"* * * Whatever acts the government may do, be they legislative or executive, so long as they be public and general, cannot be deemed specially to alter, modify, obstruct or violate the particular contracts into which it enters with private persons. * * * Though their sovereign acts performed for the general good may work injury to some private contractors, such parties gain nothing by having the United States as their defendants." [Quoting from Jones v. United States, 1 Ct. Cl. at page 384.]4
Although the guidelines indicated here are not susceptible to mechanical application, we are persuaded that the temporary taking of the 55 acres on Staten Island, including plaintiff's interest in pier 13, for the purpose of facilitating and guarding the secrecy of troop movements in time of war was a "public and general" act of sovereignty "performed for the general good" within the meaning of the Horowitz doctrine, and that under the circumstances it is impossible to say that the condemnation was "so arbitrary and unreasonable as to * * * remove it from the category of sovereign acts which do not constitute breaches of implied terms in the contracts of the United States." Ottinger v. United States, 1952, 106 F. Supp. 198, 204, 123 Ct. Cl. 23, 48. See also Barnes v. United States, 1952, 105 F. Supp. 817; 123 Ct. Cl. 101; Borg-Warner Corp. v. United States, 1950, 89 F. Supp. 1013, 117 Ct. Cl. 1, certiorari denied 340 U.S. 946, 71 S. Ct. 531, 95 L. Ed. 682; J. B. McCrary Co. v. United States, 1949, 84 F. Supp. 368, 114 Ct. Cl. 12; Ross Electric Construction Co., Inc. v. United States, 1948, 77 F. Supp. 749, 111 Ct. Cl. 644.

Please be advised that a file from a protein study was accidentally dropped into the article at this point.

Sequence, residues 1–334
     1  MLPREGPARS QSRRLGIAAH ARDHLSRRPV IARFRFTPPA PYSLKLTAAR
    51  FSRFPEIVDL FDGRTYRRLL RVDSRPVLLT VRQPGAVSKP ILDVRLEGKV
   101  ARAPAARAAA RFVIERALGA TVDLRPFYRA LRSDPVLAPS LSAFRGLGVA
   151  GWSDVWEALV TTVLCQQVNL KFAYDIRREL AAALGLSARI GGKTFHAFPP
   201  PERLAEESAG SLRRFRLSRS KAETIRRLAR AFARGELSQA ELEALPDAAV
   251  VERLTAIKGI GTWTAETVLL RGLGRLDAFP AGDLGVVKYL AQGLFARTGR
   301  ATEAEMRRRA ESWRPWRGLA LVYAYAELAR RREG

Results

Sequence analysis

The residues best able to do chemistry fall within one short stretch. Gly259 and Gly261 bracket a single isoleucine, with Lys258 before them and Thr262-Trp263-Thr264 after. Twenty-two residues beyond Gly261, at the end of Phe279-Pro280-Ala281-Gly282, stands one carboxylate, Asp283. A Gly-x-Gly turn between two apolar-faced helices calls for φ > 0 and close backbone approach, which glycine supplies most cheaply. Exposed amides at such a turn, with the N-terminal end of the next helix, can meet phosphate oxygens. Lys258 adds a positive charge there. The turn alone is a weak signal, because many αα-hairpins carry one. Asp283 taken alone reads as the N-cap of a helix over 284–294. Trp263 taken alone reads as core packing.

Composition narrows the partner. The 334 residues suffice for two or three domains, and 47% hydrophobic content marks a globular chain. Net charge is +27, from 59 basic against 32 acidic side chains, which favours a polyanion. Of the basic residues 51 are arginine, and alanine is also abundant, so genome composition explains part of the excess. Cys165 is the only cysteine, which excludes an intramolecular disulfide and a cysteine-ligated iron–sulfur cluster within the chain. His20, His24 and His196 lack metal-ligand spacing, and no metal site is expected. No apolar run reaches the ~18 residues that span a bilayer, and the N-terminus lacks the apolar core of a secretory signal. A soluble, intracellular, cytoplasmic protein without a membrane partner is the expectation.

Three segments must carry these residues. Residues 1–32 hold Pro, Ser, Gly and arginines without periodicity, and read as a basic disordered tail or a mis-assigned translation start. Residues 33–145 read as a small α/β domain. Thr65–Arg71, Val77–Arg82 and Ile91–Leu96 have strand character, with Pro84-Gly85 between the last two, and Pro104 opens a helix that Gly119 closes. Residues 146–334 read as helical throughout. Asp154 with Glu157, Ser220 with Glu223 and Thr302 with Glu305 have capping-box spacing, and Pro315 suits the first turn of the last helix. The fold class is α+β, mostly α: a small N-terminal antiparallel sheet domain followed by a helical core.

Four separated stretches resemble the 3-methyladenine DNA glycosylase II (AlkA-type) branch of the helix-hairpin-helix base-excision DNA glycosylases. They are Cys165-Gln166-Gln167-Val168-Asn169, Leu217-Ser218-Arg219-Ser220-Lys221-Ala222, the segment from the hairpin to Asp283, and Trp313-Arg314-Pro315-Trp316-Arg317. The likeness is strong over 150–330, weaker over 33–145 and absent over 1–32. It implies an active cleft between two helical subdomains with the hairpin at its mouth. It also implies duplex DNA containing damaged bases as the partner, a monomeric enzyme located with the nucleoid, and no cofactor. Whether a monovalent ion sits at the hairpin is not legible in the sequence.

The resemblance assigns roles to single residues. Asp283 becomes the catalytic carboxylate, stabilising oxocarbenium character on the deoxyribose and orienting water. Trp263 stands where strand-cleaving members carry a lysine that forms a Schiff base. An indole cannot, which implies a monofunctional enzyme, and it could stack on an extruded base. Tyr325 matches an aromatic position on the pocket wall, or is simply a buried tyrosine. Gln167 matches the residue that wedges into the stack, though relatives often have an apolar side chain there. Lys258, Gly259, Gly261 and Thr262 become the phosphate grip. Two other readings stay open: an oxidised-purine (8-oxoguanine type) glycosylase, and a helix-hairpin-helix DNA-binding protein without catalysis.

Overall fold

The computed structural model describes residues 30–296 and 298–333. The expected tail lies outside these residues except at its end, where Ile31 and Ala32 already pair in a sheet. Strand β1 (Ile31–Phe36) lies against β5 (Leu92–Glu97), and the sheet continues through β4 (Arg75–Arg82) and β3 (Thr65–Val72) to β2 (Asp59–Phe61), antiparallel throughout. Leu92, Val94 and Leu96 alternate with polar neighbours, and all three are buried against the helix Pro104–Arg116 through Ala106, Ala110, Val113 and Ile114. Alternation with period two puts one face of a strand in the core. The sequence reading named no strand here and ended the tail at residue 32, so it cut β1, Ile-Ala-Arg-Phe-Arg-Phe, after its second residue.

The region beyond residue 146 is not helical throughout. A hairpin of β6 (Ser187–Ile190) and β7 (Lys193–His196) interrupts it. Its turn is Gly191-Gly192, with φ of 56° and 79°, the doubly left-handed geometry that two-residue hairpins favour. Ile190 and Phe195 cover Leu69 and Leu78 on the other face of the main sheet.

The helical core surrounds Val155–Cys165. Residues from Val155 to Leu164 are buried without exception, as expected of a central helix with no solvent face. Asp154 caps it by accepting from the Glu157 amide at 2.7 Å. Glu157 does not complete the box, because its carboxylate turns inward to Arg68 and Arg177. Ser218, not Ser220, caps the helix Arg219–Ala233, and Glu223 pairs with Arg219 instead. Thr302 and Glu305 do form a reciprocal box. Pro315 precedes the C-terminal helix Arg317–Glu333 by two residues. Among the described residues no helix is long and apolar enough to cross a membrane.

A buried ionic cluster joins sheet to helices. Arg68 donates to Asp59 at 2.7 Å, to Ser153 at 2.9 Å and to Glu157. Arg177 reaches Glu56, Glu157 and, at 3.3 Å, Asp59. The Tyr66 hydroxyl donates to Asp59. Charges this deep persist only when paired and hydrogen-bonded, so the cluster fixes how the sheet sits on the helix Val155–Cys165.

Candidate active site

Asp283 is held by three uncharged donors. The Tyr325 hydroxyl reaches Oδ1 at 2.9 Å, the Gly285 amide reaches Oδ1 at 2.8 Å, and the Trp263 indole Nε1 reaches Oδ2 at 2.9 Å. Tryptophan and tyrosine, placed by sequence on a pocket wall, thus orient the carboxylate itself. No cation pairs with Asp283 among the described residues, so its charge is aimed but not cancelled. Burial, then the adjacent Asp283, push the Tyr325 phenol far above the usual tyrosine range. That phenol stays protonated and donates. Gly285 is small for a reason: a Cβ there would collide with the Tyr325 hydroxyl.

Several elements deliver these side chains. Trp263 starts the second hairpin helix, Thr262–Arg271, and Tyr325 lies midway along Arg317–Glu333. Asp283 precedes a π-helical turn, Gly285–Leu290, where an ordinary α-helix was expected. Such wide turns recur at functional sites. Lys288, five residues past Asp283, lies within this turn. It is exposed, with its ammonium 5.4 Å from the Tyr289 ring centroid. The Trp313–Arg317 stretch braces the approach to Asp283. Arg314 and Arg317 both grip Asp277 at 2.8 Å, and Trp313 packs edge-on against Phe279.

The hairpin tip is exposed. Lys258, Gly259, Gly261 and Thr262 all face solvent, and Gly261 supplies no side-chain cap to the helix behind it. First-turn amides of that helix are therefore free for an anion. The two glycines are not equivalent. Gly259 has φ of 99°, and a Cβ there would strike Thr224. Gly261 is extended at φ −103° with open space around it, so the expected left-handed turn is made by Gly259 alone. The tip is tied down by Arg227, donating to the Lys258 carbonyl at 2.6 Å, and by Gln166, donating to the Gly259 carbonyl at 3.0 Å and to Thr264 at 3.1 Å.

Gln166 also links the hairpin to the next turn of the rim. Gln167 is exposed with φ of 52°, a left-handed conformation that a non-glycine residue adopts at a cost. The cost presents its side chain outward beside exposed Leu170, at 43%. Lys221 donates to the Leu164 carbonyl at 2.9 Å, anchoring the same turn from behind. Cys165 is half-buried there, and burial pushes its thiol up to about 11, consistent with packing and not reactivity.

The cases cited by the plaintiff in which this court granted recovery do not support a contrary result. In Sunswick Corp. v. United States, 1948, 75 F. Supp. 221, 109 Ct. Cl. 772, certiorari denied 334 U.S. 827, 68 S. Ct. 1337, 92 L. Ed. 1755, the Government agreed in the contract to compensate the contractor for extra wages paid by a change order initiated by the Wage Adjustment Board. Cf. United States v. Binghamton Construction Co., 1954, 347 U.S. 171, 74 S. Ct. 438, 98 L. Ed. 594.